Project Risk and Cost Analysis

Project Risk and Cost Analysis

Project Risk and Cost Analysis

Project Risk and Cost Analysis


Project Risk and Cost Analysis focuses on risk in the context of project management, primarily in the area of risk's effects on project costs, with emphasis on the many modern tools that help you and your organization quantify and manage project risk. You will learn how to perform a formal risk and cost analysis, apply the Earned Value Method to risk management, and adjust schedule and budget reserves appropriately for your project conditions. The book follows the basic project risk management approach as laid out in A Guide to the Project Management Body of Knowledge (PMBOK® Guide), 4th Edition, popularly known as the PMBOK® Guide, along with other sources listed in the bibliography and suggested reading.


“I cannot conceive of any vital disaster happening to this vessel. Modern ship
building has gone beyond that.”

RMS Titanic Captain Edward j. Smith, 1907

“We are ready for any unforeseen event that may or may not occur.”

—Dan Quayle, quoted in Cleveland Plain Dealer, 27 September 1990

Things don’t always go according to plan. That’s why we have risk management.

In the case of RMS Titanic, both management and operations thought the risk of catastrophe was low, and indeed—measured objectively—it was. The Titanic was, in many respects, a marvel of safety engineering, with watertight compartments designed to keep it buoyant even in case of collision. It traveled in shipping lanes filled with other ships, so that even in case of disaster, help would arrive quickly. All of these steps reduced the risk, but as we all know, did not eliminate it altogether.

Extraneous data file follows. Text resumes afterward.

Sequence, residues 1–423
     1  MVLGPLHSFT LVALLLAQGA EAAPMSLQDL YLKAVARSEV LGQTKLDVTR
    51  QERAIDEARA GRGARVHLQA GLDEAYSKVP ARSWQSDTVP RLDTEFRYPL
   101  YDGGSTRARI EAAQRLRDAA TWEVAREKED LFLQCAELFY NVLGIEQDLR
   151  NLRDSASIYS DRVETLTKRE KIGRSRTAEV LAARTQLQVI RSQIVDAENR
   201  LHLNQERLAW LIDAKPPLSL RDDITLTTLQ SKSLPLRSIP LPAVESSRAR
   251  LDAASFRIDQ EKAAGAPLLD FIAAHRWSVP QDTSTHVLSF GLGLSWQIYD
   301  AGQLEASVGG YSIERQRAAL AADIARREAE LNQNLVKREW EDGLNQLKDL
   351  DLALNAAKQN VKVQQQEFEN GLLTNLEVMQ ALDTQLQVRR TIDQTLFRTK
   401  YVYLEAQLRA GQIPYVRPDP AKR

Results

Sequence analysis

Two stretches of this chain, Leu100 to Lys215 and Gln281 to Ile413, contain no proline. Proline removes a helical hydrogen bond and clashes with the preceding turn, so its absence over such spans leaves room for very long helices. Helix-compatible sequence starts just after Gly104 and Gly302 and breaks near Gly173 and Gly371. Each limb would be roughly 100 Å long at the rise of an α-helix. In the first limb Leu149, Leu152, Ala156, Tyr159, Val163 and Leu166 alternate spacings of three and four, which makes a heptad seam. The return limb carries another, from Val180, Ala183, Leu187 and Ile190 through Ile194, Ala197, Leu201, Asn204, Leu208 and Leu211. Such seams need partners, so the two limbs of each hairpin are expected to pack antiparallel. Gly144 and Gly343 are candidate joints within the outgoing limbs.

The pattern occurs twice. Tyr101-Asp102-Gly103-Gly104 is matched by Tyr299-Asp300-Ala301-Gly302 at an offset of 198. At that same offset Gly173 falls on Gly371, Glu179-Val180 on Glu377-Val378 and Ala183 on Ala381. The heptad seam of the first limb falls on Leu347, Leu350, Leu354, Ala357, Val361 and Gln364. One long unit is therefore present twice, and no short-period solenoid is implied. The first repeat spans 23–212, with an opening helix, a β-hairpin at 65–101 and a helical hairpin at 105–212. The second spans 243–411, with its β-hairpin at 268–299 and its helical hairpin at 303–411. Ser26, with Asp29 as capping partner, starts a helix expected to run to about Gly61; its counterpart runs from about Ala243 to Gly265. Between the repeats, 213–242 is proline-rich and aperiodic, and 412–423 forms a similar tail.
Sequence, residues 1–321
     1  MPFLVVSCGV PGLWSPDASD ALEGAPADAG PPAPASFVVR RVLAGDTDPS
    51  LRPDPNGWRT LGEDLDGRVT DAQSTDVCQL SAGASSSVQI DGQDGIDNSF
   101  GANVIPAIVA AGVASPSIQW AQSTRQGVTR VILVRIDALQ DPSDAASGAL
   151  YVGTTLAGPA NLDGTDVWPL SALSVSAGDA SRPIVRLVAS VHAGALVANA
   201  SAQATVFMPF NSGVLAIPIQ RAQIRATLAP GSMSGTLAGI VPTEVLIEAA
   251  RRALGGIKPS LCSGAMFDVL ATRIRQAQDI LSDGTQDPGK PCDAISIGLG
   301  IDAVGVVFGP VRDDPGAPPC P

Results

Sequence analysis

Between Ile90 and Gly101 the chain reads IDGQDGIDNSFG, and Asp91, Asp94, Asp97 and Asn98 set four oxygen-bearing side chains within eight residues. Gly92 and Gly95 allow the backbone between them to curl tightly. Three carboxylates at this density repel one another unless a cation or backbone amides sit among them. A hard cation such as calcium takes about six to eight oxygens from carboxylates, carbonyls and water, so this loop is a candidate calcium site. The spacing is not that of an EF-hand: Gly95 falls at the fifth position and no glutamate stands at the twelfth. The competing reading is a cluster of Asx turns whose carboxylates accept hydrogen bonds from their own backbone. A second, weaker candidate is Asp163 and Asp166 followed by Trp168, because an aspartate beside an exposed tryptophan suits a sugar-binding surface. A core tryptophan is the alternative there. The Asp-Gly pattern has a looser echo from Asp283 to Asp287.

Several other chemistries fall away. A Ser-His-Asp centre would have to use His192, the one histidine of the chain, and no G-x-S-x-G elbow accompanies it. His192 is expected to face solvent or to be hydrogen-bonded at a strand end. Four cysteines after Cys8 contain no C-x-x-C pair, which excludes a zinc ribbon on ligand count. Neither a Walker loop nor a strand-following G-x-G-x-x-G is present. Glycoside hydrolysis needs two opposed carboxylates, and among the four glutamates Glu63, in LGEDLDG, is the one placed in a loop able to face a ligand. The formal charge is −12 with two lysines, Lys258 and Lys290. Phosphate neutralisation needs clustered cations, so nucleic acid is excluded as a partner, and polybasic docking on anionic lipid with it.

A report on the late-2000 financial crisis by the leaders of the Group of Twenty (G20) nations focused on the failure of risk management as one of the root causes. They wrote, “During a period of strong global growth, growing capital flows, and prolonged stability earlier this decade, market participants sought higher yields without an adequate appreciation of the risks and failed to exercise proper due diligence. At the same time, weak underwriting standards, unsound risk management practices, increasingly complex and opaque financial products, and consequent excessive leverage combined to create vulnerabilities in the system. Policy-makers, regulators and supervisors, in some advanced countries, did not adequately appreciate and address the risks building up in financial markets, keep pace with financial innovation, or take into account the systemic ramifications of domestic regulatory actions.” When risk management fails, the damage can be incalculable.

Risk, fundamentally, is the measurement of uncertainty about the future as it applies to us—our project objectives, corporate goals, or personal goals. How long will the project take? How much will the project cost? Will the project be successful? The answer is, of course, that even when probability is . . .

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